Computer Science Department
School of Computer Science, Carnegie Mellon University


Analysis of Cycle Stealing with Switching Cost

Takayuki Osogami, Mor Harchol-Balter, Alan Scheller-Wolf

November 2002

Keywords: Cycle stealing, switching cost, queueing theory, task assignment, server farm, distributed system, unfairness, starvation, load sharing, supercomputing, Matrix-Analytic.

We consider the scenario of two independent processors, each serving its own workload, where one of the processors (known as the "donor") can help the other processor (known as the "beneficiary") with its jobs, during times when the donor processor is idle. That is the beneficiary processor "steals idle cycles" from the donor processor. We assume that both donor jobs and beneficiary jobs may have generally-distributed service requirements. We assume that there is a switching cost required for the donor processor to start working on the beneficiary jobs, as well as a switching cost required for the donor processor to return to working on its own jobs. We also allow for threshold constraints, whereby the donor processor only initiates helping the beneficiary if both the donor is idle and the number of jobs at the beneficiary exceeds a certain threshold.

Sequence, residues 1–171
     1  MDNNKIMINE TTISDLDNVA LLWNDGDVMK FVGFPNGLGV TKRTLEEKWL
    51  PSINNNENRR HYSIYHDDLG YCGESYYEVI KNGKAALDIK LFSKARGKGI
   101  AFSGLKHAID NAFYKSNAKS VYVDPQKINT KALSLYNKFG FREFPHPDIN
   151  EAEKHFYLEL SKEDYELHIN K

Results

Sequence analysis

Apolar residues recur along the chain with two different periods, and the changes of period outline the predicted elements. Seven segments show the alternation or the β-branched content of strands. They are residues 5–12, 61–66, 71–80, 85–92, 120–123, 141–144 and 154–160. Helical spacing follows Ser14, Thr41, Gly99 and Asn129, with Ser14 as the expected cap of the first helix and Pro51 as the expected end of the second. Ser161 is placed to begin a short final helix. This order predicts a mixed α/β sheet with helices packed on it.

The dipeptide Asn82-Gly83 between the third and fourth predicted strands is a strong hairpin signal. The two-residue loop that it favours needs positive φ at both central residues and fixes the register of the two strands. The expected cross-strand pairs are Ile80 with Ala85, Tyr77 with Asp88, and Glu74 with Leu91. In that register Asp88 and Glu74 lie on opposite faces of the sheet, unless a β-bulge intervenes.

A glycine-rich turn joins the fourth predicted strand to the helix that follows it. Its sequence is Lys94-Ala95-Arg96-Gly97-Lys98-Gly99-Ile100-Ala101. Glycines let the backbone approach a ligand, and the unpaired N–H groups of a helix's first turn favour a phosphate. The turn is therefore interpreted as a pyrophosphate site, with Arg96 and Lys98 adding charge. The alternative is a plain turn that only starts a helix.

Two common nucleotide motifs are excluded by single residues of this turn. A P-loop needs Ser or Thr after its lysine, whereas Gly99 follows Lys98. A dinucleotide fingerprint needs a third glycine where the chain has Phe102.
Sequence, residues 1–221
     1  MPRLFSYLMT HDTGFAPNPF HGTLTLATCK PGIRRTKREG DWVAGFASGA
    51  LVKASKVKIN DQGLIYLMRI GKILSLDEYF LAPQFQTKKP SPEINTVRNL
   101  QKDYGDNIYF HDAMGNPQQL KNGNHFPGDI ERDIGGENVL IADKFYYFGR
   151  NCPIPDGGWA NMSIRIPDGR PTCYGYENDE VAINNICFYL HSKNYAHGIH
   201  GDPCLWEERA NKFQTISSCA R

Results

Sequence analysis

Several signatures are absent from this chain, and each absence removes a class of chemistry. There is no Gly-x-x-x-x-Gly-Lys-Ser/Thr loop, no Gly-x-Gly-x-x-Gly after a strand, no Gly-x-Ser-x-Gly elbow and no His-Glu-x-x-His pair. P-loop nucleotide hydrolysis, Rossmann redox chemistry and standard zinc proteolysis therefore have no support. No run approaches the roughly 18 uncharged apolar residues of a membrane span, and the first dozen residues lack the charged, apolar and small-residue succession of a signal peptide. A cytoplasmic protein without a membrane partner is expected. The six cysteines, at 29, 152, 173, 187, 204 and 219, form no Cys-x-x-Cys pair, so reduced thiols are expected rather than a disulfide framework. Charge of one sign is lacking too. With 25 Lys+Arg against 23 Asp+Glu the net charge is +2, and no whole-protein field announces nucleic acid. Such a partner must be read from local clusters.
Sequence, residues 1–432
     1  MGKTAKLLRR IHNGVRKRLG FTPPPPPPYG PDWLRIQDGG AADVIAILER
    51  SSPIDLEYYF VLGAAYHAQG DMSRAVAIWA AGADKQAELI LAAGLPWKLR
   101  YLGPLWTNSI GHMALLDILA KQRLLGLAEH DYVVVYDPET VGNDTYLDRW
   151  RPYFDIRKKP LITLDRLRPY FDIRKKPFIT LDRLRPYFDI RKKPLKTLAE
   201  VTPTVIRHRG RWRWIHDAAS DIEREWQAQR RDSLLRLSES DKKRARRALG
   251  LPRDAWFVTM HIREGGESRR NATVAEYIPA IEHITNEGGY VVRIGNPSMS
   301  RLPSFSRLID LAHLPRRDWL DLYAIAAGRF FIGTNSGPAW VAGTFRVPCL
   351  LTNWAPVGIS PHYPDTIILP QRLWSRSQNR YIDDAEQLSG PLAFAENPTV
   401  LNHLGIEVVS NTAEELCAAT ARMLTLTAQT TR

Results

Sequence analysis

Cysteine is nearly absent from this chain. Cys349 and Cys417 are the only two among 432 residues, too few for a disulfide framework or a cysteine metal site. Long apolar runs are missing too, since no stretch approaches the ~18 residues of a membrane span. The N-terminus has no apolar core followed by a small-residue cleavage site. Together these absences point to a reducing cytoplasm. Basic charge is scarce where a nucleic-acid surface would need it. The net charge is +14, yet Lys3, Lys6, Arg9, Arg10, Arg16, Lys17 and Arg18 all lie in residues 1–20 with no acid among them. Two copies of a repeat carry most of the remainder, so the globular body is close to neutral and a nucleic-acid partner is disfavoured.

We analyze the mean response time for the donor and beneficiary processors. Our analysis is approximate, but can be made as close to exact as desired. Analysis is validated via simulation. Results of the analysis illuminate several interesting principles with respect to the general benefits of cycle stealing and the design of cycle stealing policies.

31 pages

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